We are grateful to Jack Pridham who grew up in Thornbury during World War II for his memories of life in the town, which provide us with a detailed and interesting account of life at that time.
“A company of the Home Guard, initially known as the Local Defence Volunteers, commanded by a Major Lee from the Queen’s Head, was recruited to defend the town from Nazi invasion. Mr Alfred Riddiford, the ex bootmaker, was appointed Mortuary Superintendent: his house in Horseshoe Lane was also a collection point for blackberries and hips which were picked from the hedgerows by patriotic citizens, and small boys, for a few pence a pound. They were processed at Coleford in the Forest of Dean and were, of course, a valuable source of vitamin C for the nation’s health.
One amusing incident was the military exercise in Thornbury when the local Home Guard was supposed to defend the town from an attack by the professionals, a battalion of the Gloucestershire Regiment. Several days of preparation preceded the event which was to be held on a Saturday, and the home team was brimming with confidence. When the great day arrived all the Thornbury citizens got up early and tried to position themselves where they would see the most activity. Civilians were not allowed to roam the streets during the exercise. The family had a clear view across The Plain where they were sure that the ultimate battle would be fought. The Home Guard hid themselves where they could in the town which included three men behind the privet hedge in front of the Royal George. Needless to say, some observers thought that this position was not without advantages! The serious defence should have been concentrated at the various barriers and small arms emplacements on all roads leading to the town. However, it seemed that they could not all be adequately manned and some military genius in the HG decided that the attack would almost certainly come from the south, down the Bristol Road. Why this decision was taken is not known. Possibly the ‘Glosters’ were camped on the south side? So, the emplacement at the top of the High Street, opposite the entrance to the railway station, was heavily guarded, probably with the HG’s only machine gun, and the Gloucester Road approach from the north, was not! Needless to say the ‘Glosters’ streamed up the Gloucester Road, winkled the HG out of the privet hedge (before opening time), bayoneted another through the leg on the Plain and attacked the High Street defenders from the rear. The HG immediately surrendered and the whole thing was over in an hour, or so! No doubt, at a later stage, questions were asked at HG Headquarters but the analysis of the day was, as far as I know, never made public. Having given the Thornbury Home Guard a “Dad’s Army” image, I think I should say that had the real invasion occurred, they would probably have given their all!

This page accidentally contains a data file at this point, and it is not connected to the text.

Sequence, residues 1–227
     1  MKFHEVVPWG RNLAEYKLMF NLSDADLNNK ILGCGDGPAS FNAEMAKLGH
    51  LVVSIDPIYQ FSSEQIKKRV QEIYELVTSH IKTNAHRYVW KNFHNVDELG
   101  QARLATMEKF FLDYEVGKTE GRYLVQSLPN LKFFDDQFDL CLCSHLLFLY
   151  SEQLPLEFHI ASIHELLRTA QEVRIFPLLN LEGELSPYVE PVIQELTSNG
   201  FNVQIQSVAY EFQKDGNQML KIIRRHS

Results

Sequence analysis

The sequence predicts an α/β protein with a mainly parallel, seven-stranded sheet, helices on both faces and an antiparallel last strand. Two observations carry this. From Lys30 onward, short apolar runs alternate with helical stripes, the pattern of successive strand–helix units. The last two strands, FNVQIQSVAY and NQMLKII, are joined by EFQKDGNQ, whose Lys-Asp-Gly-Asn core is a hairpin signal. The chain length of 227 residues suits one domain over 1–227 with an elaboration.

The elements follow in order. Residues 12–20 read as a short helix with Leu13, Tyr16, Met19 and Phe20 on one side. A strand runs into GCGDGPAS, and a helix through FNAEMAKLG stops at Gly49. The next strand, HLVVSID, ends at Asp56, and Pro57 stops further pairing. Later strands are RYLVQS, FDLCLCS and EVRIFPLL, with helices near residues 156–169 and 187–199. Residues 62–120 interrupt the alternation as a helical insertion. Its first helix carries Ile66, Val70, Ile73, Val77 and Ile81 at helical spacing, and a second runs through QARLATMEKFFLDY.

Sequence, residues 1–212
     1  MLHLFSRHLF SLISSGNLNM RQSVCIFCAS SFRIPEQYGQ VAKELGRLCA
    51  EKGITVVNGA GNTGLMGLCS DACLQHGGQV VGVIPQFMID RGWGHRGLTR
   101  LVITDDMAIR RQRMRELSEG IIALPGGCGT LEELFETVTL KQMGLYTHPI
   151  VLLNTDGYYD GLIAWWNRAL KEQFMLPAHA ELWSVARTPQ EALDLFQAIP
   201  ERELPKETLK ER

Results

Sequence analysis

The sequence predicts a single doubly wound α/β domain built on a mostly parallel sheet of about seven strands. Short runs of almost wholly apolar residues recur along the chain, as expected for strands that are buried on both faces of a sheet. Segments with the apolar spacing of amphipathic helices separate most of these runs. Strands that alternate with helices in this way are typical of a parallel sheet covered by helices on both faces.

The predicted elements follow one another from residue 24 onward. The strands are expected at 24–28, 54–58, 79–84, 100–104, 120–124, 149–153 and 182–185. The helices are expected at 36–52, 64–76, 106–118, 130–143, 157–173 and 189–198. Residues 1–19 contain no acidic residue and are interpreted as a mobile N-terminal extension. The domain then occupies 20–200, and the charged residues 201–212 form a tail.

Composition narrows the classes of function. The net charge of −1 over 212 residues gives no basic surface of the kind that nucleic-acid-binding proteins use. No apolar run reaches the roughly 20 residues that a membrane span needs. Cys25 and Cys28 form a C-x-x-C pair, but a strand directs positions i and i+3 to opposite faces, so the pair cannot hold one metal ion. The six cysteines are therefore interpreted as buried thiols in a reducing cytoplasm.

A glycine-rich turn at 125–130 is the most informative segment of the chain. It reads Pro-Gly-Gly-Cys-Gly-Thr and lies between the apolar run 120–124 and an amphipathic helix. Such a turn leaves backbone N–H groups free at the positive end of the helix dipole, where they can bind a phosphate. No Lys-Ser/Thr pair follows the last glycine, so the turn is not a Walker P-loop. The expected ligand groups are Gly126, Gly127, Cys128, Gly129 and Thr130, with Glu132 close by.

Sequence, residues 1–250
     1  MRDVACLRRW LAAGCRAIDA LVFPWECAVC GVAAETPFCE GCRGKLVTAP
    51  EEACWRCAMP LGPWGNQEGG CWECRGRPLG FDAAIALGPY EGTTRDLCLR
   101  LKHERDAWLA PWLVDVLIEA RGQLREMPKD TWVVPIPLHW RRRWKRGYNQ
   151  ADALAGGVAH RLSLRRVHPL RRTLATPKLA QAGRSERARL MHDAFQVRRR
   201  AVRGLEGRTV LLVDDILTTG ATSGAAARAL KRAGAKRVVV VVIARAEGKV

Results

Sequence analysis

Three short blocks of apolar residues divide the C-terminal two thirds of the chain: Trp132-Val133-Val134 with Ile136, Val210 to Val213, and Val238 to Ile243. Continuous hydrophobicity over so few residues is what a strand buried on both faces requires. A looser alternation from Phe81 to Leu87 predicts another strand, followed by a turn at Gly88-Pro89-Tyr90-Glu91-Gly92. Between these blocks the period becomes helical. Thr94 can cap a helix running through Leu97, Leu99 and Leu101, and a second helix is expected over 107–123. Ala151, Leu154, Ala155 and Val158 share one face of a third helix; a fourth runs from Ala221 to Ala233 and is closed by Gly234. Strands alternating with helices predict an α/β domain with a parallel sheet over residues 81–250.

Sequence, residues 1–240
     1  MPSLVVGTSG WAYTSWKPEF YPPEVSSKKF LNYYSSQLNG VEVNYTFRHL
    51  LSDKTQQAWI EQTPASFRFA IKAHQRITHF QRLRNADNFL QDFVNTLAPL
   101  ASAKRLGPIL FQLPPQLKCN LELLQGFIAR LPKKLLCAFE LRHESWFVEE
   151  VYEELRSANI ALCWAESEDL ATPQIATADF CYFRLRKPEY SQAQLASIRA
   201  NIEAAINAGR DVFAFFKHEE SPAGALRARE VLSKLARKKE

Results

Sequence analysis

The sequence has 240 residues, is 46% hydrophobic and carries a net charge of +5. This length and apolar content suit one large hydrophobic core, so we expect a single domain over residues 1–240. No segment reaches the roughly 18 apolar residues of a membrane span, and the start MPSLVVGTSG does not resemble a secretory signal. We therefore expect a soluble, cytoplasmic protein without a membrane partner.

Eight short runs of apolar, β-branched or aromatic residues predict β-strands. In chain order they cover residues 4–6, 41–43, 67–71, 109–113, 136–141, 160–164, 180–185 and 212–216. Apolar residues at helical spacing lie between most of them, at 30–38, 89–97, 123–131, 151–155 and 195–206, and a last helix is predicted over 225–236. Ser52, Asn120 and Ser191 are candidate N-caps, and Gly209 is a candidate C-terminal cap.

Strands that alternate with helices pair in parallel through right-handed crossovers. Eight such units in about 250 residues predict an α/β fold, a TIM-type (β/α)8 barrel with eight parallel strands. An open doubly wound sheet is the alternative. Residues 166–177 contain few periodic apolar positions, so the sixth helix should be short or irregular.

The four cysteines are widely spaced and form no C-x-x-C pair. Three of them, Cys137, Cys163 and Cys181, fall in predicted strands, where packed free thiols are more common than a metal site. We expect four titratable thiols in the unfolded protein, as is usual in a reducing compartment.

Other civil defence exercises were held from time to time in which most townsfolk were involved in some way or other. My job, as a Boy Scout, was to act as a ‘runner’. In my dreams, I saw myself weaving and ducking across the countryside avoiding the heavy machine gun fire and carrying a message which would change the whole course of the war. In retrospect, under such circumstances I would probably have been more likely to have ‘done’ rather than have been a runner! Thankfully, my ability was never tested and my duties during such exercises were minimal. I was to take messages to, I think, a ‘field hospital’, about the numbers of casualties and the nature of their wounds. The latter descriptions were written on large labels that were tied to the volunteers that were lying around the ‘battle field’ and we had a few volunteer corpses who were labelled, “Dead”! These details formed the core of my messages! I was told that I was eligible for a 1939-45 Defence Medal for these services but somehow I seem to have been missed off the list!
My first of two personal contributions to the war effort was not worthy of a mention in dispatches. With my mother and Aunt Rose I went on Saturday afternoons and Sunday mornings as a voluntary observer to Milbury Heath, a mile or so up on high ground to the east of the town. Here we spent exciting 3 hour watches in a wooden hut with a marvellous view over the Severn waiting for German gliders and paratroops to arrive in the Severn Valley below. We had to be especially alert if the parish church bells signalled that an invasion had begun: bell ringing to call the faithful was suspended during the war. I cannot remember exactly how we were supposed to inform the authorities of a sighting: I think there was a telephone box a few yards down the road. However, we were remarkably unsuccessful and sometime in 1940 our services were no longer required which was no bad thing as one or two years later a large mine on a parachute exploded very near to our watch-point!”